Of course it can be argued that the people dashing madly about in a futile attempt to stay on the right side of the law are simply avoiding the bad consequences of violating them, and that they are not really slaves after all. However, the risk of getting caught may be less than it appears, the consequences not very likely. After all, don’t we inadvertently already commit three felonies a day? Yet most of us remain outside of jail. The risk of getting into an automobile accident is substantial, yet we all jump in our cars without a qualm to go to work. And there is a 100% chance we will die some day. When the risk of getting caught violating law is exaggerated in one’s mind, that is self-enforcement. That is the slave mentality. Anyway, the slave probably does not make such calculations; instead, breaking the law never enters his mind at all.

<a href="">Frederick Douglass</a> apparently, at an early age of 12 or so, but certainly by age 16 when he fought and conquered his slave master, had dispensed with his slave mind-set. But he remained nominally a slave until age 20, when he was successful in that escape attempt, and legally until age 28 when he bought his freedom from his former master. But, was he a slave until age 16, or 28--when the law said he was?

The law is an institution of slavery. Laws turn men into slaves.

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Paul Bonneau's picture
Columns on STR: 106


Samarami's picture

Anybody who knows me would be disappointed if I ever did a thing -- or refrained from a thing -- because it was a rule, or a law, or a regulation, or a policy. If it don't make sense -- to me -- I ain't a-gonna comply. "Voluntarily", that is.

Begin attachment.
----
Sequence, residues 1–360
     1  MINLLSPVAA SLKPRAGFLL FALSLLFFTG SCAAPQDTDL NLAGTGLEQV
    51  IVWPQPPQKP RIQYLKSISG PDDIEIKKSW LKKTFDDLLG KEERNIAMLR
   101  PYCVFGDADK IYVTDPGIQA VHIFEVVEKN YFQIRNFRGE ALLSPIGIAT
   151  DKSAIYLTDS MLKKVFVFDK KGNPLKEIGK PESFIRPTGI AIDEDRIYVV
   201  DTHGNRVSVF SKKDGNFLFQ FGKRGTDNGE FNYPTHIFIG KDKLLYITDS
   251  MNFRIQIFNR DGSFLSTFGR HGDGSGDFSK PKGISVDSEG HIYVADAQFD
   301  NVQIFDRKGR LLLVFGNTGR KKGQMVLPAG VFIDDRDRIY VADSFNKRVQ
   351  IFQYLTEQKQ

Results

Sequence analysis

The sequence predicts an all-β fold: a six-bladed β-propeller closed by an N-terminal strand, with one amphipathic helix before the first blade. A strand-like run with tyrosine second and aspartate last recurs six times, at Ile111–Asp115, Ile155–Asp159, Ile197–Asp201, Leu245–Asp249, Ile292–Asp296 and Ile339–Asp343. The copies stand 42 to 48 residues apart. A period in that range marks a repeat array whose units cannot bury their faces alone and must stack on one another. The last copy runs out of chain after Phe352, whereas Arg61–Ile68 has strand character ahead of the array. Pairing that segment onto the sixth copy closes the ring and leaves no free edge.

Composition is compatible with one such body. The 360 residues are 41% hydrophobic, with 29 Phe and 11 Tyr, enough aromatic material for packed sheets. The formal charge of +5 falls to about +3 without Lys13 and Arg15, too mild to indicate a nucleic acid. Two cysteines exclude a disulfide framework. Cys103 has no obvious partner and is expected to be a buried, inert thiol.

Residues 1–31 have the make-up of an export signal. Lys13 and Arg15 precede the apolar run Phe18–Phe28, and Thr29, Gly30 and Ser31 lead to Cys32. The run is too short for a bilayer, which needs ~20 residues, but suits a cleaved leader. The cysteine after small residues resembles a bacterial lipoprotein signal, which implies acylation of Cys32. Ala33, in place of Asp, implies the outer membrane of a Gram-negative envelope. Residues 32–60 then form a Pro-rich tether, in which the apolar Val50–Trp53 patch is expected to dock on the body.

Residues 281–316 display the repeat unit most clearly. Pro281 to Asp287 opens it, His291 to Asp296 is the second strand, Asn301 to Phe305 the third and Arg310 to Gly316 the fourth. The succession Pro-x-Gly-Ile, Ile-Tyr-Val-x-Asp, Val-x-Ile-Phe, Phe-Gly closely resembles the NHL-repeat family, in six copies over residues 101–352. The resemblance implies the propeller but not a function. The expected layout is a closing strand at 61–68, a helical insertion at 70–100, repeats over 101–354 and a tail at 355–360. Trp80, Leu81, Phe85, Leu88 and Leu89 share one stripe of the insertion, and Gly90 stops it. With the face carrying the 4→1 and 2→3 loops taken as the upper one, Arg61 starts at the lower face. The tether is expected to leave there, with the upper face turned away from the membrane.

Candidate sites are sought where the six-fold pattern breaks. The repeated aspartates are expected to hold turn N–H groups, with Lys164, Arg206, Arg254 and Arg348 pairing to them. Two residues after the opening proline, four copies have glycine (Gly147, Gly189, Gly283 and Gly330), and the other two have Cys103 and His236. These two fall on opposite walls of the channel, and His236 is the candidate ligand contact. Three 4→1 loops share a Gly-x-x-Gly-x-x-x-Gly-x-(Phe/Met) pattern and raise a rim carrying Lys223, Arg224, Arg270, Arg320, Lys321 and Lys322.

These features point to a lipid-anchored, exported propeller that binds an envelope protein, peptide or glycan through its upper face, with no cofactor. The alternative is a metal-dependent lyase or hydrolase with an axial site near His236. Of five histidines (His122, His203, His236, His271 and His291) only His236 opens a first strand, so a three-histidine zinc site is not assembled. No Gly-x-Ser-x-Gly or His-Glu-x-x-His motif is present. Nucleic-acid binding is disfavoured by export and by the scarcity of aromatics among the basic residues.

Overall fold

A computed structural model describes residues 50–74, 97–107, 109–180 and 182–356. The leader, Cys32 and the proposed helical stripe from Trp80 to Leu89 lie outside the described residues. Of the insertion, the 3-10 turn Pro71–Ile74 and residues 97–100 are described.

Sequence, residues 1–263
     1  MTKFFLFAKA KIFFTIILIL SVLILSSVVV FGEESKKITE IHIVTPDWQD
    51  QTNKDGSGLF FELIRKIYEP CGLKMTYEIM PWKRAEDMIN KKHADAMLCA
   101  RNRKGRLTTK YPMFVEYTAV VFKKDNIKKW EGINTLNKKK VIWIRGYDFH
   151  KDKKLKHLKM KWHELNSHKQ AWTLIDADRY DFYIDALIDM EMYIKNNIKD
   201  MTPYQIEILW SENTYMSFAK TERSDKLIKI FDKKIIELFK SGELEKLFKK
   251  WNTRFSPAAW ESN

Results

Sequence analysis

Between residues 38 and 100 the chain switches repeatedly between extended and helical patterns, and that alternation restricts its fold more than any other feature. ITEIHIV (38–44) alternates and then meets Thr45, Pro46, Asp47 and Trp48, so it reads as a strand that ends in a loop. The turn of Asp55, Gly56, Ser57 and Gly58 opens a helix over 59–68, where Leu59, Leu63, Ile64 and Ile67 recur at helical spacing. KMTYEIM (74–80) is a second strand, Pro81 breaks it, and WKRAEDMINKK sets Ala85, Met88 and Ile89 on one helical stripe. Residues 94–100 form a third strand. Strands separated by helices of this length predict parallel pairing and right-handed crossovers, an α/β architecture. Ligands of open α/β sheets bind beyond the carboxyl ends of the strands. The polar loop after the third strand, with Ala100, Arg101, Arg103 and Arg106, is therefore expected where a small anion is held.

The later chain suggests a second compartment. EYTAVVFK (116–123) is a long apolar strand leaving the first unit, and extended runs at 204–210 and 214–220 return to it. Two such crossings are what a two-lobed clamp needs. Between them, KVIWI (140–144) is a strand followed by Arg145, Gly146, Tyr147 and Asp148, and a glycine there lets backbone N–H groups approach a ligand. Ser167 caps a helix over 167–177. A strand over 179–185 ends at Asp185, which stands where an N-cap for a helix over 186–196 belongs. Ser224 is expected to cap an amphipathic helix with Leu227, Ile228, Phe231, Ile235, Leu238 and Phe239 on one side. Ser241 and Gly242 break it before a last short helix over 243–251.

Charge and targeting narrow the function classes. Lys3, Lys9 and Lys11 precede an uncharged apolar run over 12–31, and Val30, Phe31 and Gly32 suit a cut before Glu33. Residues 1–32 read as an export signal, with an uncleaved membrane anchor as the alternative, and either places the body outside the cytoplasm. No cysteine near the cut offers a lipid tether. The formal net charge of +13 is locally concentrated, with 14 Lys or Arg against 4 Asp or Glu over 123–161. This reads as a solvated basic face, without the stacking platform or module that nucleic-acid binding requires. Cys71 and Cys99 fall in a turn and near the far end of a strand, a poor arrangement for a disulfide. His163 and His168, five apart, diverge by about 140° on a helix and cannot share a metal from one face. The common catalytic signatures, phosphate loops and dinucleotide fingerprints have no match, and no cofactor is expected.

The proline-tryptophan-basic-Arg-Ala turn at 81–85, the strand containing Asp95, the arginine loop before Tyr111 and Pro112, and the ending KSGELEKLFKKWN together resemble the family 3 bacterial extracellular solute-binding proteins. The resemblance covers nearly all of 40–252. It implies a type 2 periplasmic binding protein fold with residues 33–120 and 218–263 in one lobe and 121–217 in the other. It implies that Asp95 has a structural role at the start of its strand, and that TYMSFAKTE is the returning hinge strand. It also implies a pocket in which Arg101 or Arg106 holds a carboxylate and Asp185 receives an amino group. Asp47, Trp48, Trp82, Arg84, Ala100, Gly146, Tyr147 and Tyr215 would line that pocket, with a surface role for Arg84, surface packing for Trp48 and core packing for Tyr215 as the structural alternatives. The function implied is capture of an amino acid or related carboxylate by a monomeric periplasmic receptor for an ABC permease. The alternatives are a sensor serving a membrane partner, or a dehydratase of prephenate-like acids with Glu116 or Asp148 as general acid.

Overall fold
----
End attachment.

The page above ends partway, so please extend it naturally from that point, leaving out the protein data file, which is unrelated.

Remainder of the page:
I might comply if confronted by jurisdiction. The only jurisdiction in existence anywhere on this pale blue dot is force of arms. I believe a man with a loaded gun. Or woman (l-rd have mercy! :-]). Especially those wearing state costumes. They're definitely the most dangerous of the armed.

You've outlined the religion -- the superstition -- called "state" quite adequately:

    "...slave mentality in action on Internet forums. In the gun forum I frequent, there is even a sub-board dealing with the intricacies of the law, where members debate endlessly over the fine points and jump through hoops in an often futile attempt to stay on the “right side” of laws for which there is never any victim--except for themselves if they get caught violating one..."

You've put your finger on the enemy, Paul. Most libertarian forums have virtually gone to seed, literally and figuratively. Unless there are some I've missed. I counted only ten comments posted here over the last two weeks. Half were mine. In past years I've seen (don't know that I've ever counted) at least 25 or 30 -- and probably more -- comments in a single day. Granted, some were needless squabbling -- particularly when "religion" entered the topic. Or "rights".

And I fully agree with your conclusion: like Frederick Douglass, my goal must be to "...dispensed with (my) slave mind-set...". Unlike Douglass in his day, I'm old. I ain't got that much time left to become free. I'd better do it now. Here. Today. Where I'm "at". Sam

Jim Davies's picture

Has STR "gone to seed", Sam? - there's evidence each way.
Yes, compared with only a few years ago there are far fewer reader comments (despite your own sterling contributions) and far fewer original articles. But that's not all it does.
The Editors present each day a selection of stimulating articles to be read elsewhere. There is a link to STR's "Blog", where others, including my own, can be found - along with links to interesting videos and some original comments. And there's a huge archive of previous "strikes", organized by author and, to some extent, subject.
Most of all, STR keeps the faith, more or less. A few really bad articles do somehow get past our primary Editor's scrutiny, but not often; here, there is nothing like the wholesale sellout to the Trump phenomenon, for example, that has characterized this year, in which not a single LRC article I have seen rebuts the outrageous argument of Hoppe regarding immigration.

Samarami's picture

My use of the phrase, "gone-to-seed" may have emanated from a forlorn countenance of the moment. I'm prone to those emotional outbursts.

I linked to the old "Daily Anarchist" forum, which appears to have now gone belly-up, along with "", which I think was Per Bylund's old forum (and Per seems to have moved on to bigger and better haunts).